Generation Why

A: Why egg for breakfast?
Me: Because they’re tasty.
A: Why?
Me: Because they are.
A: Why?
Me: Oh Lord. I don’t know.
A: Why not know, Mummy?
Me: Why are you asking me all these questions?
       Why are we having this conversation?
       Why me?
       Oh great, now I’m doing it.


Child's building block, Cazzarama blog


Blogging gave these glamorous 80-year-olds a new lease of life

Last week I saw a screening of a life-affirming film that perfectly illustrates the positive power of blogging.

If anyone can show the unexpected journey blogging can take you on, its the 80 and 90-year-old women of documentary Advanced Style.

Seven women, the youngest of whom is 62, are the stars of the film that was born from the Advanced Style street-style blog by photographer Ari Seth Cohen.

Advanced Style the movieCohen only takes pictures of older New Yorkers who are stylishly or creatively dressed. Whether subjects are elegant or outlandish, the pictures are brilliant – subverting perceptions about the fashion industry and old age. No pigeon-toed hipsters here.

The blog, started in 2008, has a huge following, has sparked a book, landed three of its older subjects with professional modelling gigs for Celine and Lanvin and is now the subject of a documentary.

Not only that but the blog’s thousands of followers regularly comment on how Advanced Style has changed their perceptions of ageing and older people. Changing the way people think for the better? Blogging bingo.

The film, directed by Lina Plioplyte, examines the lives of seven New Yorkers who featured on Cohen’s blog.


Most of the group are in their eighties and nineties and we follow them as they work, socialise, enjoy family time or new love lives.

They are funny, creative, artistic, musical and bursting with joie de vivre – while being fabulously dressed of course.

Their involvement with Advanced Style has led to countless new opportunities – TV appearances, modelling, a TV show and now starring in a feature-length film.

The women could never have dreamed of this new lease of life in their later years but by god do they seize every opportunity that comes their way.

Some of them are classically elegant – dark clothing and pearls – while others love layers of vintage or vibrant African-print fabrics.

Whatever their sartorial style or personality they share an almost anarchic attitude to ageing – a punk rock refusal to go unnoticed or be ignored.


If, like me, you are finding your thirties is akin to wrapping yourself in a cloak of invisibility, this documentary will inspire you to think differently.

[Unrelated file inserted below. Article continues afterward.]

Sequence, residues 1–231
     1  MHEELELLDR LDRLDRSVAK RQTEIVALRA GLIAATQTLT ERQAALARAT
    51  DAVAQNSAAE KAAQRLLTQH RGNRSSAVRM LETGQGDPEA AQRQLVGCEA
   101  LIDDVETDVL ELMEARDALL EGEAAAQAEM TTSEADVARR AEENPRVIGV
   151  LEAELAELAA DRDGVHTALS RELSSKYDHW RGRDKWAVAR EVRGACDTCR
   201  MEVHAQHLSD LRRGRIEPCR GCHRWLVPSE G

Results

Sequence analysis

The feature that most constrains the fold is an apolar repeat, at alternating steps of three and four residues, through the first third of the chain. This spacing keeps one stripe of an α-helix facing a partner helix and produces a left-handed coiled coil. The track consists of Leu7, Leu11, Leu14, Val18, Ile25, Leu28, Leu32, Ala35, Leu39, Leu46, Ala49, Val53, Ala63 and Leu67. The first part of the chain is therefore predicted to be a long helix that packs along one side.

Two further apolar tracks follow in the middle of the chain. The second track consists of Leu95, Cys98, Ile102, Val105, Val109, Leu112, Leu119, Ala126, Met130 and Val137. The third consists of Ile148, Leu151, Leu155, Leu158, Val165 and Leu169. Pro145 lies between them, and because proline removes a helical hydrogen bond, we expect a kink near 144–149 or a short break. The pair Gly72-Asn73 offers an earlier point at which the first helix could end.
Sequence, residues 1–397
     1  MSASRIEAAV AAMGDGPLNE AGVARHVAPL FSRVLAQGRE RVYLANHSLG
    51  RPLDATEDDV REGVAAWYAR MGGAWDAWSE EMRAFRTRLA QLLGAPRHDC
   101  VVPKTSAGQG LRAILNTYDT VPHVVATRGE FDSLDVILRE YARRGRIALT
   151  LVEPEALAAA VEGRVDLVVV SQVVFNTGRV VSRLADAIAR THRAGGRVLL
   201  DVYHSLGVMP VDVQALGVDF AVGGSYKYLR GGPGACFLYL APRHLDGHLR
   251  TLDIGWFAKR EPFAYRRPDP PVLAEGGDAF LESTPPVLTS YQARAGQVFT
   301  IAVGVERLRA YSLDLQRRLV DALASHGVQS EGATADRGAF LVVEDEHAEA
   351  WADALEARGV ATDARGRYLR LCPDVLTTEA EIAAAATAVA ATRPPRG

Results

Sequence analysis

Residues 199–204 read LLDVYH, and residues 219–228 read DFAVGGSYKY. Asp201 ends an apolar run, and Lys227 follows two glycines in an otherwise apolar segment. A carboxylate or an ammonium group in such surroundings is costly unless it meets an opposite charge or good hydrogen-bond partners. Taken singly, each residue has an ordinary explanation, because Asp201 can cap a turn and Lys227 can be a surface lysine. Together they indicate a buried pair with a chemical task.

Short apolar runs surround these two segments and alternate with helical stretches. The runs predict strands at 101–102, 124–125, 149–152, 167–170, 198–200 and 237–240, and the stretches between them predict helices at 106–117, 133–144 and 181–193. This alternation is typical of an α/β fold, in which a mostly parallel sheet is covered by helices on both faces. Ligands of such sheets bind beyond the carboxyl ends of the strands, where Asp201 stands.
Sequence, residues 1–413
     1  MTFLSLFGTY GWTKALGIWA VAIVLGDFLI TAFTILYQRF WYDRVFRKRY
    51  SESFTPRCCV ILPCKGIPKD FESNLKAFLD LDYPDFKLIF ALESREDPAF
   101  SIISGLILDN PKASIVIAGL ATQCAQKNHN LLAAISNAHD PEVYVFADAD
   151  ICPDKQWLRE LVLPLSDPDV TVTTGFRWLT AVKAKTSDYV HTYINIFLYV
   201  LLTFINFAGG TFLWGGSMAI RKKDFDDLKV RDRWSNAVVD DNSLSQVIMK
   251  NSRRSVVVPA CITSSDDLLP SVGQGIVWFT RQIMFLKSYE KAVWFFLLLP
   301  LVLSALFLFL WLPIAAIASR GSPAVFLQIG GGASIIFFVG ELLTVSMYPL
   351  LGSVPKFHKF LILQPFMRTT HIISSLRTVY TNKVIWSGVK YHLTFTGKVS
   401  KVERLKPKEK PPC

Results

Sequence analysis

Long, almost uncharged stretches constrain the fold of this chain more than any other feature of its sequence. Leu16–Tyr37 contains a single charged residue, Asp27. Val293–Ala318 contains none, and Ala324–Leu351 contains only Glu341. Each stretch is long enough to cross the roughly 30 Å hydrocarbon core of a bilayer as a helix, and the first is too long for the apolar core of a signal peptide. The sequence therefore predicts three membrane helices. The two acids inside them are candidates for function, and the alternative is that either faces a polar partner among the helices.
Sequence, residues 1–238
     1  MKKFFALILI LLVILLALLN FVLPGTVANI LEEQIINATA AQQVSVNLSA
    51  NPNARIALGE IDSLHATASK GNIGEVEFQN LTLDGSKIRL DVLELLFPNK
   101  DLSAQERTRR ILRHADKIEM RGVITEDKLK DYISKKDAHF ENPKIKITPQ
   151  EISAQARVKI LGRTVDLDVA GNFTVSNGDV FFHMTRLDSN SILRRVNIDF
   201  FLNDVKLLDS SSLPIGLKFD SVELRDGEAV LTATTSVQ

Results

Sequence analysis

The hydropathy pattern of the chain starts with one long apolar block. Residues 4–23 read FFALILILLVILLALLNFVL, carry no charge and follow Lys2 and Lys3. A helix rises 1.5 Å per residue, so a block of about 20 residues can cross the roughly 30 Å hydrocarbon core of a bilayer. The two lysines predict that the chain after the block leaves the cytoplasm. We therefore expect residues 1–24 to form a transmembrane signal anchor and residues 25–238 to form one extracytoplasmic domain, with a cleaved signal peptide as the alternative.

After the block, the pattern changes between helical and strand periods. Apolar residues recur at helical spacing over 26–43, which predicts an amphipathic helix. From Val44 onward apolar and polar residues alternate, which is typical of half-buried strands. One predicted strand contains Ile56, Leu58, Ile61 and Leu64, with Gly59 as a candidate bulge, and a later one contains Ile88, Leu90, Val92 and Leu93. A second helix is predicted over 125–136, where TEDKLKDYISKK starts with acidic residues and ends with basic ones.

So ditch the grubby skinny jeans and Converse and start wearing something more fun and creative immediately. Who cares if you’re not 24 anymore?

Old age never looked so good.

Advanced Style will premiere in the UK on 06 May at the Curzon Mayfair with a Q&A with Ari Seth Cohen, director Lina Plioplyte plus special guests. Find all screenings here.

(This post is just from me from the heart. I have not been sponsored in any way to write it).

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Help! I’m a teensy bit scared of your children

ImageI bumped into you at the cafe,
We beamed and then we embraced,
Saying wasn’t it wrong,
It had been too long,
And we must see each other, post haste.

But it wasn’t just me being lazy,
Or too busy working in town.
I’ve often been known to pick up the phone,
But I recall and then put it down.

It’s not that I don’t want to see you.
In fact the opposite’s true.
I miss your face,
And your husband’s ace.
The problems are 7 and 2.

I’ve told myself ‘This is my problem’,
‘They’re just little children’ and such.
But their cold little eyes,
Bore through my insides,
I just don’t really like them that much.

I do want to see you my darling,
I know that I’m being insane,
To be made to feel small
By those three feet tall,
But they’ve never turned right on a plane.

No doubt they’re angelic when with you,
When doing things of their own accord.
But when I’m with them, alone,
My heart turns to stone,
As they exclaim very loudly ‘We’re BORED!’

I feel very bad for these feelings.
You behave the right way you do,
And tell them they’re rude,
When they won’t touch my food
Cos they say it’s a big plate of poo.

But I don’t want our friendship to suffer,
So I’m going to pick up the phone.
And suggest a quick bite
On a Saturday night
And double check you’ll leave them at home.

By Cazzarama

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Why I’ll never shop in-store again

Suffering serious PTSD (post traumatic Sainsburys disorder) after I naively thought AJ would enjoy being pushed around in the cart while I got a few bits and bobs.

The experience taught me that there are two types of people in this world.

The type who stare/point/tut/laugh/shake their head at your shame or the type who make silly faces at your child in a vain effort to curb their apoplectic rage, who pick up his shoes and socks after he has kicked them off, who help you pack your shopping (thank you thank you amazing cashier lady) and who help you wheel your trolley to your car as you struggle to contain the thrashing wild beast that was once your child in your arms because he won’t go back in the trolley.

In an ideal world there would be a third type of person who would magically appear with a fan to cool down your scarlet face then present you with two Fruit Shoots laced with sedative (one for toddler one for me) but you can’t have everything.

Online shopping I shall never stray from you again.